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Bike ride honors Cherokee Nation
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Remember the Removal, a bike ride to remember the forced removal of the Cherokee Nation from its homelands during the winter of 1838-39, made its way through Warren County.
“I’m doing this because I wanted to reconnect with my ancestors,” said rider Clay Rudolph. “I grew up not knowing the culture of the Cherokees. When I got interested in it, this gave me a chance to reconnect.”
Group members are making a 950-mike trek over a three-week period as they retrace the northern route of the Trail of Tears through Georgia, Tennessee, Kentucky, Illinois, Missouri, Arkansas and Oklahoma.
During the journey, riders will develop a personal connection to their Cherokee ancestry by studying their genealogies and making notes of their family connections. Participants will take time during the ride to visit historically important sites along the trail, connecting their ancestor’s experience with their own.
In Warren County, the group stopped in front of Central Church of Christ on Morford Street, but not for educational purposes.
“We had a couple of riders met Harrison Ferry Mountain, literally,” said rider Mike Corley. “We stopped to treat their injuries. We have about 25 more miles to go today.”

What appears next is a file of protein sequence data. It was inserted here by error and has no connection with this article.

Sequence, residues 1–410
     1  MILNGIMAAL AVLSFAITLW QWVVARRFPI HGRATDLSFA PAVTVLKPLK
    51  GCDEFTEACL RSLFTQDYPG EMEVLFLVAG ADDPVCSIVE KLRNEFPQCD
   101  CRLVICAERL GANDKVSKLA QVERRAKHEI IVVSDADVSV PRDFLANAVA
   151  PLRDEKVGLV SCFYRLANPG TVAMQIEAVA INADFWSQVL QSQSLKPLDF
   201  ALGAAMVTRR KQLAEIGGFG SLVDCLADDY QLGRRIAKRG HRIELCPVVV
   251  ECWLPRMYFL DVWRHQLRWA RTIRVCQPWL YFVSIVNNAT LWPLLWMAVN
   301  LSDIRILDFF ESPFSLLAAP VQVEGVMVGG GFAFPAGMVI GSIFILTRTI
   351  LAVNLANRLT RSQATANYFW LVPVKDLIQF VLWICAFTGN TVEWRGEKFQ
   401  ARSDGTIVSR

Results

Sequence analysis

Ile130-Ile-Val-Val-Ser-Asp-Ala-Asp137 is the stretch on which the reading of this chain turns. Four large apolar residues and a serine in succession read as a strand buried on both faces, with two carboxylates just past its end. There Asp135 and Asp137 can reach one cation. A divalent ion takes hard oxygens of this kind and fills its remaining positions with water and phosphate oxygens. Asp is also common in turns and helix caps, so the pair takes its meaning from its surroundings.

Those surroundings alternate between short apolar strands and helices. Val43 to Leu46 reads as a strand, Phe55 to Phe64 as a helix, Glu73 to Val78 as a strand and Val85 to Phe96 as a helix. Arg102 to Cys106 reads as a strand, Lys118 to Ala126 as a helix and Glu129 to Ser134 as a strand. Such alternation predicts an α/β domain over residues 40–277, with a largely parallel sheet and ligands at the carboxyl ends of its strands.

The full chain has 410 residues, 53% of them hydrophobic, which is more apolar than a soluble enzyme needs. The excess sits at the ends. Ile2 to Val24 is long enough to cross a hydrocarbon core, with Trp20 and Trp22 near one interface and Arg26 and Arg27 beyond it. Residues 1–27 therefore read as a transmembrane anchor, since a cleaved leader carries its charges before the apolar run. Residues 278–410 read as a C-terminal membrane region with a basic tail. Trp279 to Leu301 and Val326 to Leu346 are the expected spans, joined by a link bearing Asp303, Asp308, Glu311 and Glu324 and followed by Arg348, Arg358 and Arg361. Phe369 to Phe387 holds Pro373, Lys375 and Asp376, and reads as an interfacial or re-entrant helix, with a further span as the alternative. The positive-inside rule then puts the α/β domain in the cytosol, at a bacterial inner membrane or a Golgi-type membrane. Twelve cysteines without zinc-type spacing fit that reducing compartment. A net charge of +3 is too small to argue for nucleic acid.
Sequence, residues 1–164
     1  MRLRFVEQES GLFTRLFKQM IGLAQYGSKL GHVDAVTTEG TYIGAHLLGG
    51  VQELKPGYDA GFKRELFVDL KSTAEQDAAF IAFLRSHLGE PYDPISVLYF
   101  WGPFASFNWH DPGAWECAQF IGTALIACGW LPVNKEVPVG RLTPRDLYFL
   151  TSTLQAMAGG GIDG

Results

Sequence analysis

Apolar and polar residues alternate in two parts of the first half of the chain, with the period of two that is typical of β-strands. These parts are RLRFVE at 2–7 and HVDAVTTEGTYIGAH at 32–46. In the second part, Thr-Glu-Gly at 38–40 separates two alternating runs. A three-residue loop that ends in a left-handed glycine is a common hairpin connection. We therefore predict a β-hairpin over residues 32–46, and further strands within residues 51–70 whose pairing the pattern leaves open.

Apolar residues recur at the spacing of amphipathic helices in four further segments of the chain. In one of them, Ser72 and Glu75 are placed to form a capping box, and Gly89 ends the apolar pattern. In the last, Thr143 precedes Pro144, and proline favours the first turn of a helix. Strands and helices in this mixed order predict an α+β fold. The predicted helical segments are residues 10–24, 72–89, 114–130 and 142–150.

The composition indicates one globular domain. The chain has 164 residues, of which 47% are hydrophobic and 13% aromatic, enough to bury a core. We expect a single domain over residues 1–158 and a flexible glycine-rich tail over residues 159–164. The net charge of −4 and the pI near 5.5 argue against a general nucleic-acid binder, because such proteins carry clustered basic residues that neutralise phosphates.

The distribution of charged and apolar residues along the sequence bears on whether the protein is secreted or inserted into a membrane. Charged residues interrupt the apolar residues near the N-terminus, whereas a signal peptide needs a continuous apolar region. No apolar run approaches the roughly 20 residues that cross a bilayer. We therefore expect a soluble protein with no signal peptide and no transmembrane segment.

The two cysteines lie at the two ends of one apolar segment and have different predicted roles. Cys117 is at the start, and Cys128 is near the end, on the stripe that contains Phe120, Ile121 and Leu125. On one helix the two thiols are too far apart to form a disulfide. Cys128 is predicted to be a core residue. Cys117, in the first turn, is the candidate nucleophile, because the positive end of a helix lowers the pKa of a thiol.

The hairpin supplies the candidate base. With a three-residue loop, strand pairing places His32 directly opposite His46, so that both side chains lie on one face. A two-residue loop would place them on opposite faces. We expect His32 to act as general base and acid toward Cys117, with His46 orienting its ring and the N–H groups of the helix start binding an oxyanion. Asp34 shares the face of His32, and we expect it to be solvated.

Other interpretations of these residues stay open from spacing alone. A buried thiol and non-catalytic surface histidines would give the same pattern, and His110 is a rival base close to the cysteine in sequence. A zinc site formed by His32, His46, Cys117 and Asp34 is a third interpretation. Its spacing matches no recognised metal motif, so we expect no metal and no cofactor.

Luke Phillips’ front bike tire came in contact with Megan Alsenay’s rear tire, which caused a rough welcome to Warren County for the two. Phillips suffered an injury to his right knee, while Alsenay suffered abrasions to her left arm and left leg.
Alsenay says bike accidents happen.
“It hurts, but it will be OK,” he said. “It won’t be easy, but I’m not giving up. In 1984, my father was in the first Remember the Removal bike ride. He told us all the stories about the ride. Last year, my sister did it.”
Applicants chosen to represent the Cherokee Nation in the event must be a Cherokee Nation citizen, a student in high school or college that is at least 15 years old, and a person willing to train for two months.
The ride began June 1 in New Echota, Ga., and will end June 22 in Tahlequah, Okla. Participants will put their bodies to the test as they travel an average of 60 miles a day, somewhat mirroring the hardships of their Cherokee ancestors who made the same trek on foot more than 170 years ago.
To hear a radio interview with some of the Cherokee ride participants, tune in to WCPI 91.3 FM on Monday, June 18 at 2 p.m.
For more information, visit